CSC 341 (Fall 2021)

Lab: More Mapping Reductions

\(\newcommand{\NP}{\mathsf{NP}}\newcommand{\desc}[1]{\langle #1 \rangle}\)

Problem 1: Graph Reductions

Consider the following graph problem, independent set:

\[ \mathsf{INDSET} = \{\, \desc{G, k} \mid \text{\( G \) has a \( k \)-vertex independent set} \,\}. \]

An independent set, is a subset of the vertices of a graph where no pair of vertices in the independent set have an edge between them.

Like the previous lab, let’s go through a systematic process for proving this claim.

  1. First, explore the problem space. Come up with two examples of instances of \(\mathsf{INDSET}\), one where there is a vertex cover and one where there is not a vertex cover.

  2. Next, show that \(\mathsf{INDSET} \in \NP\).

  3. Now, identify the inputs to \(\mathsf{CLIQUE}\) and \(\mathsf{INDSET}\).

  4. With this, identify the inputs and outputs of the reduction function we must design as well as the correctness condition for that reduction function based on its type.

  5. To begin designing the reduction function, let’s first decompose the inputs and outputs of the reduction function into components that we can attempt to draw associations between.

  6. Now, onto exploration of designs. In the previous lab, we essentially “forced” \(\mathsf{PUZZLE}\) to solve \(\mathsf{3SAT}\). However, this perspective on designing the reduction will not be as fruitful with these problems even though they operate on the same domain. To make forward progress, I encourage you to instead consider how \(\mathsf{CLIQUE}\) and \(\mathsf{INDSET}\) are actually the same problem. More concretely, I recommend looking at the definition of clique and independent set and analyzing their relationship with each other.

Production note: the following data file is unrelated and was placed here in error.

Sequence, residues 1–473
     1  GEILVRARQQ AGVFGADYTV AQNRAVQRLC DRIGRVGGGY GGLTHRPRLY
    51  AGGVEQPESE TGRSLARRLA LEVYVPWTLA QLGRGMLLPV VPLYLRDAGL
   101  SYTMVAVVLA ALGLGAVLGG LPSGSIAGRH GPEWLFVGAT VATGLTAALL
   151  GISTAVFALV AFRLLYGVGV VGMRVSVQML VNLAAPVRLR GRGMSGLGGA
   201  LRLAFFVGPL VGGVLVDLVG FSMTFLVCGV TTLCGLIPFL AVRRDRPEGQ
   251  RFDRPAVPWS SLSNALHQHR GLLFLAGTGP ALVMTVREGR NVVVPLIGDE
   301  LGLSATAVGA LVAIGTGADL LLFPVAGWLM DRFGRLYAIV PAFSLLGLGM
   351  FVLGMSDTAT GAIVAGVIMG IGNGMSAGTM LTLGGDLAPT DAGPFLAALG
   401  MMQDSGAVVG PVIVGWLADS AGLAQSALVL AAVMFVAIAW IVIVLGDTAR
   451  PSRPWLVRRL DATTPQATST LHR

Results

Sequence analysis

Just like the previous lab, come up with at least two potential designs for the reduction function and push them through on a toy \(\mathsf{CLIQUE}\) instance. For each design that does not work, describe what was broken and how you could potentially fix it.

    (Hint: it might be useful to think about graph complements for this reduction.)

  7. Finally, once you have a plausible reduction strategy, formally prove that \(\mathsf{CLIQUE} \leq_p \mathsf{INDSET}\).

Problem 2: More Graph Reductions

Here is another \(\NP\)-completeness problem for you to consider, following the trajectory of Karp and his 21 \(\NP\)-complete problems:

\[ \mathsf{SETPACK} = \{\, \desc{\mathcal{U}, S, k} \mid \text{\( S \) is a family of subsets of \( \mathcal{U} \), there is a set packing of $S$ of size at least $k$.} \,\}. \]

A set packing of size \(k\) is a family \(S\) of subsets of \(\mathcal{U}\) with \(|U| \geq k\) that are pairwise disjoint, i.e., no sets share an element in common. Clearly, the empty set is a valid set packing for any set—instead, we are interested in maximizing the size of the set packing while obeying the restriction that no pairs of sets in the packing share a common element.

As with the previous lab questions, systematically work through the process of showing that \(\mathsf{SETPACK}\) is indeed \(\NP\)-complete. In your deliberations, you should plan to reduce the \(\mathsf{INDSET}\) problem to \(\mathsf{SETPACK}\).

(Hint: here, the first perspective on reductions will be more useful. Force \(\mathsf{SETPACK}\) to solve a \(\mathsf{INDSET}\) instance for you.)